The Next Era of Wearable Technology – Innovations and Applications

The Next Era of Wearable Technology – Innovations and Applications

Wearable technology has advanced at an astonishing pace over recent years. Ranging from smart watches and conductive fabrics, wearable tech devices have become more like science-fiction devices than everyday items. But they come with their own set of challenges, including special substrates for power scavenging, novel connectivity solutions, flexibility management and durability management.

Consumer electronics come with high price tags and generate vast quantities of electronic waste, but the industry has grand plans for its future growth.

Fitness Trackers

Health-tracking wearables are one of the fastest-growing segments, from novelty toothbrushes to medically certified devices that monitor blood pressure, glucose levels and cardiac function.

Fitness trackers such as Fitbit’s line of products and Garmin’s Vivoactive smartwatches gather data about an individual’s physical activities using sensors such as accelerometers, gyroscopes, and heart rate monitors, then transmit it back to either their phone app or computer for storage and analysis.

Since wearable technology is growing increasingly popular, many companies are capitalizing on it to shape the quantified-self movement and promote healthy lifestyles. Wearables also allow clinicians and other healthcare providers to remotely monitor patients, identify patterns and intervene instantly as well as deliver drugs or treatments through skin, providing an attractive alternative to intravenous therapy.

Smart Watches

Many wearable devices are intended to enhance health and fitness, but some companies are pushing this technology even further by developing devices to monitor and treat medical problems such as diabetes. One such artificial pancreas device tracks blood sugar levels automatically before automatically dispensing insulin as necessary.

Philips wearable biosensor is another medical application which monitors activity to reduce patient deterioration into preventable cardiac or respiratory arrest, and increase medical staff efficiency by decreasing monitoring time per patient.

Wearable technology also comes in the form of intelligent buttons that connect to your smartphone and display useful information, while acting as invisible guides by vibrating if you are following directions correctly or are in danger. Furthermore, certain wearables have the capability of tracking down lost phones or keys when lost which can come in very handy when timed travel needs are tight and you need them now!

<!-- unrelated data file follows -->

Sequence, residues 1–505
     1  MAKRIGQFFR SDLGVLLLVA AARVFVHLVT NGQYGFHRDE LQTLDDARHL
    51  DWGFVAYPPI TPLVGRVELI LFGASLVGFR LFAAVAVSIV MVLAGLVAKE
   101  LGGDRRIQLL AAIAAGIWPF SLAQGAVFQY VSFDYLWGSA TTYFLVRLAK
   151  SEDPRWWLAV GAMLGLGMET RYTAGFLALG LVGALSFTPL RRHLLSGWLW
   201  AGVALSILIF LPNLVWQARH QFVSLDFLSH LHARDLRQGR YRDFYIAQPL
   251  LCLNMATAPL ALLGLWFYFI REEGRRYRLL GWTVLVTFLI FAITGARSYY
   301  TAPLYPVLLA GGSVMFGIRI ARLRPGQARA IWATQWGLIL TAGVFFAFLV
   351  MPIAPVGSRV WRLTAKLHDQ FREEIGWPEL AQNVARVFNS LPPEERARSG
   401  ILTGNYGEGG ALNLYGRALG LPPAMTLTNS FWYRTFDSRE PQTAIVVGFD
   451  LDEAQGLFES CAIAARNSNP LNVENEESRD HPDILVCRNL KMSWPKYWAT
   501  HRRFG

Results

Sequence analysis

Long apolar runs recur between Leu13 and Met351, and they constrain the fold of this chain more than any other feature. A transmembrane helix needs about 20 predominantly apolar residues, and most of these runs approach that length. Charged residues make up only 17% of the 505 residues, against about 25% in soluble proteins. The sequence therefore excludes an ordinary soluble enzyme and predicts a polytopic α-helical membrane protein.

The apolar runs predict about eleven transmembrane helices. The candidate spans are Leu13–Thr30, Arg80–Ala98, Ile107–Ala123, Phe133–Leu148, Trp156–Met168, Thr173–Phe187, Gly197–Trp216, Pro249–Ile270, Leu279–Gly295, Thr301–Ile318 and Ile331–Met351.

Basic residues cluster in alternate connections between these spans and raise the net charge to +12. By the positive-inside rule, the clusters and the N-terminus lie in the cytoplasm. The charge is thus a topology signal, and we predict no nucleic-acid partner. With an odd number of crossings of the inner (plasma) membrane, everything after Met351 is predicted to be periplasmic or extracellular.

Smart Patches

As opposed to smartwatches which require screens and processors to function, these devices contain electronics in the form of a patch that can be applied directly to skin. They offer various applications including monitoring glucose levels in diabetic patients, tracking hydration levels and detecting UV exposure.

These patches also offer several other advantages over smartwatches, including being easily repositioned without needing new batteries or attachment systems – making them cheaper as well.

Though wearables may not be fashionable, their use for both personal and professional purposes will continue to expand rapidly. Companies can prepare for this trend by convening a task force of tech-savvy employees to discuss any potential issues and draft policies on how they’ll address them – this ensures the technology can be adopted quickly and smoothly by users. In addition, manufacturers should look at ways to enhance sustainability of their products through reuse/trade-in programs as part of this transition period.

Medical Applications

Medical wearable devices cover an expansive spectrum, from quirky gadgets that track steps or sleep cycles to high-tech solutions designed to monitor blood sugar, heart rate and oxygen saturation levels. There have even been companies who have built multibillion dollar businesses on electronic glucose monitors while others develop devices to aid fertility, improve sleep or manage moods.

Many in the industry are developing sensors that can be embedded directly into skin. For instance, UCSD engineers have created a flexible skin patch capable of monitoring heart rate and caloric intake.

As the market advances, companies must develop strategies for effectively managing and interpreting the vast amounts of data generated by connected devices. Furthermore, legal implications must also be considered. Stay up-to-date by subscribing to Insider Intelligence for updates on this frontier technology. Sign up here now.

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